I gave a talk today at the Mansfield Mind, Body & Spirit fair – standing in the Council chambers at the Civic Centre, with pictures of mayors past and present watching from the walls. A full house, too, with a lovely receptive group of people.
I always get nervous. Even now, after doing this for some years. Especially when the topic is based around my second book – essentially talking about darkness and depression, but from the perspective of balance, acknowledgment, truth and potential. It’s not easy.
This isn’t putting a positive spin on a difficult subject. This is facing that subject head-on, seeing and feeling it in all its pain, guilt and social awkwardness. My Druidry pushes me, insists I see what needs to be seen. Generally speaking, this is often precisely what’s needed, and I’m glad that my audiences seem to welcome that honesty.
After I’d finished, I was told by one attendee that she’d heard people discussing the talk beforehand. “Ooh, darkness – I don’t know about that.” Because apparently it sounded too… well… dark. A bit much for some.
The presenter who came after me was talking about palmistry. Apparently even more people had squeezed into the (large) room for this one – because it was ‘easier’ than mine, I was told. Apparently people like to be told what to do, to be given answers.
Chatting to people afterwards, hearing their stories and even holding them as they cried, I was glad that I spoke as I did. Yes, it might well be challenging or difficult. I encourage exploration, to think for yourself, to find your own way. If you’re brave enough to dare to come into the room, to give up your time and simply listen, engage and consider – that’s a big step. The first of many.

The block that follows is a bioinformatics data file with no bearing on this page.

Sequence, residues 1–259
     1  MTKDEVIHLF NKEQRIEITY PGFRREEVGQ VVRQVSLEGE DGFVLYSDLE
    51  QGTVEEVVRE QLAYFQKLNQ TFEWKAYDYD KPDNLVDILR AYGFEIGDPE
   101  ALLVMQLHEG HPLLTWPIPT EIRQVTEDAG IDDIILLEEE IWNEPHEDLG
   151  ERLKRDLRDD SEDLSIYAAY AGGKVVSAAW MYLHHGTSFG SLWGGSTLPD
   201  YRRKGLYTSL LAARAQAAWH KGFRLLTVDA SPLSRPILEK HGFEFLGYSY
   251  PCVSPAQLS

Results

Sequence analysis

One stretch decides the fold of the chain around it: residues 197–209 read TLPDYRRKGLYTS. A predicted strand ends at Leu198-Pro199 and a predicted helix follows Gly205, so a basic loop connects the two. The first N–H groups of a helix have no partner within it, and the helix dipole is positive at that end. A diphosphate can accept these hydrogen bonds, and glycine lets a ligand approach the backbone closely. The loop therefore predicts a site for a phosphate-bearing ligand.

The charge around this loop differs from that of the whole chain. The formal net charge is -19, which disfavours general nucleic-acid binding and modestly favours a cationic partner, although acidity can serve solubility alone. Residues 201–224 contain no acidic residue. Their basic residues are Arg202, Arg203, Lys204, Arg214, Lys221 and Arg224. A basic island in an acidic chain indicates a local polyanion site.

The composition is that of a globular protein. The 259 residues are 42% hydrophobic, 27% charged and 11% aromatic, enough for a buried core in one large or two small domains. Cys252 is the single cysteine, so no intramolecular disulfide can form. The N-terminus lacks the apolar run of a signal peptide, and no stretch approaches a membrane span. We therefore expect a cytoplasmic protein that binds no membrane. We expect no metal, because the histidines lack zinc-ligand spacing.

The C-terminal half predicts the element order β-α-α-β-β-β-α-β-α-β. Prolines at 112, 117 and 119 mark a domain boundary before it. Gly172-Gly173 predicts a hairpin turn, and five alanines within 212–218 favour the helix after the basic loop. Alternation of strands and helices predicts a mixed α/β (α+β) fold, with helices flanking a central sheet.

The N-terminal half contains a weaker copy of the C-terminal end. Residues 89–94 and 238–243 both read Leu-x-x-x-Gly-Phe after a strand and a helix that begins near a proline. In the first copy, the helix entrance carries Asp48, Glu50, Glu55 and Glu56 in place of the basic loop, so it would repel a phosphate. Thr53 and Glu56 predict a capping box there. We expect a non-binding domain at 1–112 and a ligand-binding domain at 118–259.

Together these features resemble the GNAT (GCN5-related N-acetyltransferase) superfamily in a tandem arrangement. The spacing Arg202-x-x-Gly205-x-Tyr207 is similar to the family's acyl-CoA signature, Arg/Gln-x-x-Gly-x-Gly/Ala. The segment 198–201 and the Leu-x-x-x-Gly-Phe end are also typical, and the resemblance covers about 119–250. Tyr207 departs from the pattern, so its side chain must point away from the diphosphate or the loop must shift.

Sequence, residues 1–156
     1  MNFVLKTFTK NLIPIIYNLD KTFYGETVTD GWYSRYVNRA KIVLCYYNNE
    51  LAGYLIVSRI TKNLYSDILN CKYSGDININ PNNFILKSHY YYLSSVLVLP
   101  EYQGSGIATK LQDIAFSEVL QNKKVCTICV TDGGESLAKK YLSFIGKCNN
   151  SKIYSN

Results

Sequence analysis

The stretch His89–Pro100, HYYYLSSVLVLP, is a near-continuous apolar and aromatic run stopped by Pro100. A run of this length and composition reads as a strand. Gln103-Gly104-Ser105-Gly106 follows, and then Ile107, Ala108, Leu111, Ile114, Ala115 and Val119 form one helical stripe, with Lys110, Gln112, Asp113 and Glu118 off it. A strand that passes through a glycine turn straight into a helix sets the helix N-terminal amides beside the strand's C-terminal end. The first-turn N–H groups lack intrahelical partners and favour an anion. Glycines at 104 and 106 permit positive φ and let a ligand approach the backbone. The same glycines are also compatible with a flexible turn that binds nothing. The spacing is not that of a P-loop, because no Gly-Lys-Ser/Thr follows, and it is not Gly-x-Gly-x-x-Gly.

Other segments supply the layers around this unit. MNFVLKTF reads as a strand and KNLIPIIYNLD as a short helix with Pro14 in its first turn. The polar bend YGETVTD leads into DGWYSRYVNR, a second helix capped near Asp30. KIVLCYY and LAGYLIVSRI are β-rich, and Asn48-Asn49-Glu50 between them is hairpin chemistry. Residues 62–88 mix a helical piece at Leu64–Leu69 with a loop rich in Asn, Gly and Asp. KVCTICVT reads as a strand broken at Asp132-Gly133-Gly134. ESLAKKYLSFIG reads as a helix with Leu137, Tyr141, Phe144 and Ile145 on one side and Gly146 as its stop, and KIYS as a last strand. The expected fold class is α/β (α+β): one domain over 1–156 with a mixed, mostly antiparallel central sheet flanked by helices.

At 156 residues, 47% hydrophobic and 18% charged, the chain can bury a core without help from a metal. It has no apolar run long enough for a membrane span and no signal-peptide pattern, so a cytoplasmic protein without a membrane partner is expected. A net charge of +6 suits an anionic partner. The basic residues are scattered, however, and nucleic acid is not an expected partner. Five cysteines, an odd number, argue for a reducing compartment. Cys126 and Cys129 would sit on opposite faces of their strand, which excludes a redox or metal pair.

I spoke of solidarity, of shared experience, of the potential in the darkness which keeps us moving. We can stop – or we can go on.
We can step through the door, or we can stay in the safe places, seek affordable solutions and people to sort out our difficulties for us. That’s our choice, after all.
One day, those who didn’t come in may find themselves ready. The door will still be there – as will the darkness, waiting to be faced.
I still get nervous when I step up to speak publicly, every time. But I take that step – because I know I must.